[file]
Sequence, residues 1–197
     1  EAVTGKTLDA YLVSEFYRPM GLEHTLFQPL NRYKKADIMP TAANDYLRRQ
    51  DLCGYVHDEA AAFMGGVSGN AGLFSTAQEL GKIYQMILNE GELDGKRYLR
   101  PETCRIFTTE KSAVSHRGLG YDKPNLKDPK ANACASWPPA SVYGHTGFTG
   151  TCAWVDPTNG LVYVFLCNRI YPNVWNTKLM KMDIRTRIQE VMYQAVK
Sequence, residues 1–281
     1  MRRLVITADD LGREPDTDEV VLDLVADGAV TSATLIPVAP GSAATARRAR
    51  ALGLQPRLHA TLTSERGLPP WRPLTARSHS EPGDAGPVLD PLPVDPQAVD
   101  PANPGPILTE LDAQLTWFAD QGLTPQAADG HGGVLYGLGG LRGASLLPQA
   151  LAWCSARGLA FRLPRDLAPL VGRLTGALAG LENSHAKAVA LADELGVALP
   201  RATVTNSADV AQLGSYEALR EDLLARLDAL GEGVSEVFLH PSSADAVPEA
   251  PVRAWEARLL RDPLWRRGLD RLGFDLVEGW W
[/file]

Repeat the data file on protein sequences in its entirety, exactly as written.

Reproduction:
Sequence, residues 1–197
     1  EAVTGKTLDA YLVSEFYRPM GLEHTLFQPL NRYKKADIMP TAANDYLRRQ
    51  DLCGYVHDEA AAFMGGVSGN AGLFSTAQEL GKIYQMILNE GELDGKRYLR
   101  PETCRIFTTE KSAVSHRGLG YDKPNLKDPK ANACASWPPA SVYGHTGFTG
   151  TCAWVDPTNG LVYVFLCNRI YPNVWNTKLM KMDIRTRIQE VMYQAVK
Sequence, residues 1–281
     1  MRRLVITADD LGREPDTDEV VLDLVADGAV TSATLIPVAP GSAATARRAR
    51  ALGLQPRLHA TLTSERGLPP WRPLTARSHS EPGDAGPVLD PLPVDPQAVD
   101  PANPGPILTE LDAQLTWFAD QGLTPQAADG HGGVLYGLGG LRGASLLPQA
   151  LAWCSARGLA FRLPRDLAPL VGRLTGALAG LENSHAKAVA LADELGVALP
   201  RATVTNSADV AQLGSYEALR EDLLARLDAL GEGVSEVFLH PSSADAVPEA
   251  PVRAWEARLL RDPLWRRGLD RLGFDLVEGW W